One of the qualities which I find to be very admirable is low key understatements. In my youth, I grew up with stories from my parents about how wise/great men would live hidden away in the mountains as a hermit, and would only come out for a great cause. I was recently reminded of these tales when I trekked up Adelaide Street on my quest for the best ramen in Brisbane.
Taros' shopfront is really well hidden under Boeing Centre. If I hadn't been looking, I would easily have missed it. Luckily, I was looking.
Indeed, the only thing that caught my attention was the wall poster that said 'Taros' hanging near the restaurant. As with the hermits living in the mountains, great men don't need to be flamboyant.
I ordered in the small indoor counter and was given a number. Water and condiments were also served on a DIY basis.
Seating is rather casual and roomy. Whilst it is under cover, strictly speaking it is still outdoors, which means it might be a bit hot during the summer months.
I found a table, and noted that on each of the tables was a sign showing the cooking methods for both the soup and the noodles. It really gives me a greater appreciation for the meal that I am about to have.
My food came out rather quickly, its noteworthy to say that the waiter was exceptionally polite in serving the food and took the time to explain to me the special gyoza sauce with the chili option.
I opted for the limited edition Tori Paitan over my usual Tonkotsu Ramen. It had a really flavoursome and gelatinous soup made from chicken rather than pork. I could really taste the strong chicken flavours and it clung really well onto the thicker curly ramen. In terms of the ramen, I could really taste the 'bite' in the noodles and could taste the passion that the owner has for his art. The chicken char siu on top tasted a bit like smoked turkey, which was nice. But what completely blew my mind was the soft boiled Ajitama (marinated egg). To this date, I dont believe I've had such a perfectly cooked egg before. As you can see in the photo, the white was cooked quite well, but the yolk was runny. I loved it.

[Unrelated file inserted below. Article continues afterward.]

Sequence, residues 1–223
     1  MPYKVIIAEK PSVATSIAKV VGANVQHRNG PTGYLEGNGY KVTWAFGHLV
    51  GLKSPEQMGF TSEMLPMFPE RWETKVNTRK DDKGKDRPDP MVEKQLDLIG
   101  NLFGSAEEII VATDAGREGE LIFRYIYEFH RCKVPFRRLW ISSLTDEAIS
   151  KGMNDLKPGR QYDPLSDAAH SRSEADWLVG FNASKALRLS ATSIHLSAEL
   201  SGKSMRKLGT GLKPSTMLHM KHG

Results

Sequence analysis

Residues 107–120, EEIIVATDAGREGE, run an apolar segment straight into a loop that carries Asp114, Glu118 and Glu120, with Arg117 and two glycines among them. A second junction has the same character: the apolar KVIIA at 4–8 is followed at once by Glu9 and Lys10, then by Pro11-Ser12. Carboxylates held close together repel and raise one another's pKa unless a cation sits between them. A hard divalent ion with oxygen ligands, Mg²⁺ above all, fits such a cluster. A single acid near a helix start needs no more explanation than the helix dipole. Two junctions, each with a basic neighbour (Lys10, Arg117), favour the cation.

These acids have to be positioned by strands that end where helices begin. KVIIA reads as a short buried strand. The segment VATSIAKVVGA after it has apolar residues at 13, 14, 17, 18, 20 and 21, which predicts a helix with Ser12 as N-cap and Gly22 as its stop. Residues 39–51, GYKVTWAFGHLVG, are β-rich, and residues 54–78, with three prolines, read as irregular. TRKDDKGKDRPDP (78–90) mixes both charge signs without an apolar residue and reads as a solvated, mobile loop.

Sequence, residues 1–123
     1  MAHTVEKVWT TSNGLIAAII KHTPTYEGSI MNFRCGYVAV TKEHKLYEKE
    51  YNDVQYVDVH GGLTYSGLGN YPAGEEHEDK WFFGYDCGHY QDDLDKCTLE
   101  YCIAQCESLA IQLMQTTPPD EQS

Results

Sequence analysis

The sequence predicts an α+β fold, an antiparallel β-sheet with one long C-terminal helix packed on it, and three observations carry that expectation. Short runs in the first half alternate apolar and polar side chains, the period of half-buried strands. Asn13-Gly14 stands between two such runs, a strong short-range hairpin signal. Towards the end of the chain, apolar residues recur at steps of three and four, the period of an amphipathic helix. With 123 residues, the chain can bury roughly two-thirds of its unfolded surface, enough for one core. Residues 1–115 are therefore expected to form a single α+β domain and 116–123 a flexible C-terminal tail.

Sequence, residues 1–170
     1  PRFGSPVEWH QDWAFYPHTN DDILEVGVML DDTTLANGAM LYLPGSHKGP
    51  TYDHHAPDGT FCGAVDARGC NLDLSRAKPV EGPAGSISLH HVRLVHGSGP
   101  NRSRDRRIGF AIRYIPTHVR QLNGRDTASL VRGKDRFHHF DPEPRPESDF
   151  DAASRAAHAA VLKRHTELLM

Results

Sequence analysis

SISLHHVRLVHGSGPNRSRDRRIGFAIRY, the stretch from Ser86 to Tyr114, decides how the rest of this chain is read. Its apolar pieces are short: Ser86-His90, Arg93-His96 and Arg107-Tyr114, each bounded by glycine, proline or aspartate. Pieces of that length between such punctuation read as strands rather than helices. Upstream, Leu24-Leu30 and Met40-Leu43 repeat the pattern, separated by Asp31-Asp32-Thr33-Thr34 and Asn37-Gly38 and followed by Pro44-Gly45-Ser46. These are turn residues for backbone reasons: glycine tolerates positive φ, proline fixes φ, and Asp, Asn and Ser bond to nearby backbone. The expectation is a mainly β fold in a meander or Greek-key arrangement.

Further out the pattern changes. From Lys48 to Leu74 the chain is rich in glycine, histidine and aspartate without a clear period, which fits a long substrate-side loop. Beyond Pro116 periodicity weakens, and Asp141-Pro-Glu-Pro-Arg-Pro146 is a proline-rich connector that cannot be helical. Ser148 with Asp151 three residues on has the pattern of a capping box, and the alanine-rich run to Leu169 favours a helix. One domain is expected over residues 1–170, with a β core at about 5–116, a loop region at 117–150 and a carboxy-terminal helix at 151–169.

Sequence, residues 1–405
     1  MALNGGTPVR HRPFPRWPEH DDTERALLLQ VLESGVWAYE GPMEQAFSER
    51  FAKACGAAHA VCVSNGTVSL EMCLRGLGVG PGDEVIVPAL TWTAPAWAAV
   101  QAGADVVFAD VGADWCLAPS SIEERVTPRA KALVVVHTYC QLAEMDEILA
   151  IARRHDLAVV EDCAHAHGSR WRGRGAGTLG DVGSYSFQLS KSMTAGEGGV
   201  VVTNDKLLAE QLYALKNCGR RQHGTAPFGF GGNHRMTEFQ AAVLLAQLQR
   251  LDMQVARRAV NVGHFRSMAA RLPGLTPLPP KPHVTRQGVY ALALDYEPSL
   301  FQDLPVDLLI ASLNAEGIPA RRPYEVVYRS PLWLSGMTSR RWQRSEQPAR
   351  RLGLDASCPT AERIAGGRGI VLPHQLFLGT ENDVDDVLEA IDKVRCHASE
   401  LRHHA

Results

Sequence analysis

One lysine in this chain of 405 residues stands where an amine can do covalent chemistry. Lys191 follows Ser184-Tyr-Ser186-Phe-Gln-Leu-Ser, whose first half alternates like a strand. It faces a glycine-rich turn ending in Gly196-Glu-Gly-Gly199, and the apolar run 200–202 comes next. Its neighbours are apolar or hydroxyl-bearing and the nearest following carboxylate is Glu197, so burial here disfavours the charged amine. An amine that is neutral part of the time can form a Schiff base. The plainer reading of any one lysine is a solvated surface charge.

I was also blown away by the quality of the Gyoza. Being a ramen shop, I truly didnt have much expectation for the gyoza, other than it being a nice side to the ramen. However I was really impressed, the bottom was crispy, the skin was one of the thinnest I've had and the pork and veges inside were super tasty and fresh. Their pre mixed gyoza sauce was also very yummy. This was arguably one of the best Gyoza I've had in Brisbane, hidden inconspicuously in a ramen shop. I loved it.
In order to obtain more content for my readers, I went a second time, this time with a companion. My companion, who was in a hurry that day ordered a mini curry bowl and had to run off. The curry appeared to be home made, and not the usual premix type. Its worth noting that this time the wait for our food was much longer than the first time, maybe because we went at peak time.
On that day, I opted for my usual, which is the Tonkotsu Ramen, which I loved. As you can see, the egg was also done really nicely. I may have to come to taros every time I need to eat eggs now. Compared to the Tori Paitan Ramen, the noodles in tonkotsu ramen were the thin straight type. It reminds me a bit of angel hair pasta, but it had more bite to it. What I found most impressive to it though, was the Char Siu. Compared to all the places I have been to for ramen, this char siu was not fatty at all. As you can see in the second picture, it did not have those slivers of fat that you see in a lot of other ramen. The soup was really tasty, and less thick than the chicken ramen soup, but it was still definitely very creamy. I liked it a lot more with the addition of ground sesame.
I did find my meal at Taros to be slightly more expensive than what I usually spend for lunch . But it was really worth every cent.
Price Range: $15 - $30 per person